The new Superman film tries to do everything but manages to accomplish little.
(Editor’s note: This review contains commentary around plot-lines in the new Man of Steel movie. Please be advised: spoilers below)
I was never more devastated and flattened by my own lofty expectations going into a film than in 2006 when I saw Bryan Singer’s Superman Returns on my birthday. Richard Donner’s Superman: The Movie from 1978 was an all-time favorite of mine, and when word came out that Singer, fresh off of two great X-Men films, was going to start the new installment where Superman II left off, I was ecstatic. Even the random casting of Brandon Routh as the man in the red cape didn’t get me down. I did not just want this movie to be great; I knew it was going to be great. Boy was I wrong. The movie starts out five years after Superman’s battle with General Zod, and it feels like a 2-hour 30-minute epilogue to all the good stuff that came before. I wanted an iconic, old-fashioned superhero for the new millennium, and instead I got crystals, Lex Luthor as a corporate puppet, Superman having an illegitimate child, a mute Kal Penn, and a lot of Marlon Brando voice-overs. The film was so obsessed with recalling Superman’s Christ-like stature that it forgot to tell an actual story. The guy doing most of the saving in the end was James Marsden! When the credits rolled, I could barely lift my head from the disappointment. A man who was capable of doing anything did a whole lot of nothing. I swore to myself that I would never get my hopes up for another Superman film again and begged for Christopher Nolan to save the DC Universe with his fresh take on Batman.
Nolan did just that when the gritty, reality-based The Dark Knight and The Dark Knight Rises became box office sensations for Warner Brothers for the seven years after Superman Returns’ mediocre performance at the box office put Kal-El on the shelf for another reboot. This time, Warner Brothers hired Nolan and his Batman screenwriter, David Goyer, to try their hand at the Man of Steel with a take that would bring the masses of new Batman fans to adore Superman. It’s all about business anyway, as this is the first step in a three-part plan hatched by Goyer, who will also write a Superman sequel and DC’s version of the Avengers, the Justice League. With so much riding on Man of Steel, the studio pulled out every stop to make sure this movie was going to totally dwarf any memory of Superman Returns and its flat reception. So far it has worked like a charm, earning nearly $200 million worldwide in its opening weekend. It is a common trait to link outstanding ticket sales with the quality of the actual films when it comes to big franchises (Do people really think the last three Fast & Furious movies were anything above average?). Man of Steel is setting records in theaters right now, but it barely makes the finish line as a good movie.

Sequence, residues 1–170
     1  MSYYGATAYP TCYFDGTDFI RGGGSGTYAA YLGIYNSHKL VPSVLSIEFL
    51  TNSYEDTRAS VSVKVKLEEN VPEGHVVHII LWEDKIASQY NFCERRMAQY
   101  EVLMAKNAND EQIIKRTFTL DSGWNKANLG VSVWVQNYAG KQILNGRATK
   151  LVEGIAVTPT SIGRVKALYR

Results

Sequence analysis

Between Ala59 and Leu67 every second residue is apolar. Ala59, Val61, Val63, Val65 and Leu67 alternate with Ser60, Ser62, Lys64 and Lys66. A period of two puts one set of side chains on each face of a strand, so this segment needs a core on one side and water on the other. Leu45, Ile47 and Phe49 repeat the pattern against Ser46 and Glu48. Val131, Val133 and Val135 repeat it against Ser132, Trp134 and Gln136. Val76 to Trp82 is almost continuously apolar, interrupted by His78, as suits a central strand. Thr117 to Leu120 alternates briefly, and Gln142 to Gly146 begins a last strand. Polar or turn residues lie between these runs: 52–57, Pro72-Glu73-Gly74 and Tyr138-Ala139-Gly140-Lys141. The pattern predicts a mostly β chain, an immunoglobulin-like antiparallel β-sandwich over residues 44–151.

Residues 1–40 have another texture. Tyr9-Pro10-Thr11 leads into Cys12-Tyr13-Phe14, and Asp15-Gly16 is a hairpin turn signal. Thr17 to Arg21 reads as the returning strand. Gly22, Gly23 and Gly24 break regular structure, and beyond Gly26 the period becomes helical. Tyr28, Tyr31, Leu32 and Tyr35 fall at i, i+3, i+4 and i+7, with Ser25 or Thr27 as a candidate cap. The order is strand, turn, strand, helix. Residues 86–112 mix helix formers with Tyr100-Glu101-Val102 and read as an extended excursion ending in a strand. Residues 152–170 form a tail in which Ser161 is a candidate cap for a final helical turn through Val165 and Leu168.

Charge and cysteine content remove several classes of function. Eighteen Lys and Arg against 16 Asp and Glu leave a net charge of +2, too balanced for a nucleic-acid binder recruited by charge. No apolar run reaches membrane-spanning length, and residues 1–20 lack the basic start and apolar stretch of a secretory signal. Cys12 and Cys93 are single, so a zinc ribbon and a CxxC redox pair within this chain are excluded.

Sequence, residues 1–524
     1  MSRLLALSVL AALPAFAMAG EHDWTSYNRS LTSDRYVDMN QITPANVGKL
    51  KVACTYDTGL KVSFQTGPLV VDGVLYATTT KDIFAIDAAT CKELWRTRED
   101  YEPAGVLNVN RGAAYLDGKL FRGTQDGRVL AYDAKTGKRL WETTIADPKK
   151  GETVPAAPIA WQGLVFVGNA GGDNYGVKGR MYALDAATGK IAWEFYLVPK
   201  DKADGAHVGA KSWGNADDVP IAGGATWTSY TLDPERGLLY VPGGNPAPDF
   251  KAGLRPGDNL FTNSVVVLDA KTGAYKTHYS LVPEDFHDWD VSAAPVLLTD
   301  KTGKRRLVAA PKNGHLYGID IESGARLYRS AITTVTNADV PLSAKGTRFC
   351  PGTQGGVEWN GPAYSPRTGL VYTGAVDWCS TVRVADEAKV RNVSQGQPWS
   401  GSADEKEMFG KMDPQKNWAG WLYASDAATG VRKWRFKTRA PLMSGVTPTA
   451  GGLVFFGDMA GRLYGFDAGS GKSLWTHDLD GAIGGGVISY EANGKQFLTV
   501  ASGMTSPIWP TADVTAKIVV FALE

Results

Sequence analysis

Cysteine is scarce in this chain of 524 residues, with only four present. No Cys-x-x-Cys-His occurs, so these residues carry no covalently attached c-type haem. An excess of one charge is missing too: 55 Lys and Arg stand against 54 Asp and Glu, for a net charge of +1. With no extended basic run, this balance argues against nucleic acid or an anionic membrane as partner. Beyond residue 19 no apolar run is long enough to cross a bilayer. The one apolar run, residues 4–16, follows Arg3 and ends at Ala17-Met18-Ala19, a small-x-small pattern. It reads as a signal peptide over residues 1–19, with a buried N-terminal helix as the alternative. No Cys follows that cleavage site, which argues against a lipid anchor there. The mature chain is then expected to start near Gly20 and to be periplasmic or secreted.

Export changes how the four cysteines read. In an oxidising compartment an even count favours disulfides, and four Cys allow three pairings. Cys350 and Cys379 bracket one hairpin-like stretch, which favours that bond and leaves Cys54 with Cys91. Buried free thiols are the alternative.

The director of this new attempt is Zach Snyder, the man who made Warner Brothers oodles of money with the testosterone-infused 300 in 2007. I thought he did an admirable job adapting the mature superhero mini-series Watchmen in 2009, but his excessive love of action and music video-style of sequencing really did him in with the awful Sucker Punch. After watching Bryan Singer turn Superman into a non-entity, I was more than glad for Snyder to insert some ass-kicking into the mix, although it was going to make some fans angry. Snyder’s hiring did ring some alarms for Superman fans, but it was offset by the comfort that Goyer and Nolan wrote the script and would supposedly keep Snyder in check at the right moments. The trailers promised as much, with more emphasis on the “man” than on the “super.” They showed landscapes of farmland, fatherly advice to a scared boy, the rescue of a doomed school bus and a grown Clark Kent working as a fisherman. There was no sight of slow-motion karate fights, explosions in the sky, or Kryptonian spaceships. Were we really going to get a taste of what Nolan and Goyer did with Batman and try a Superman story rooted in the grim, realistic worldview of our times?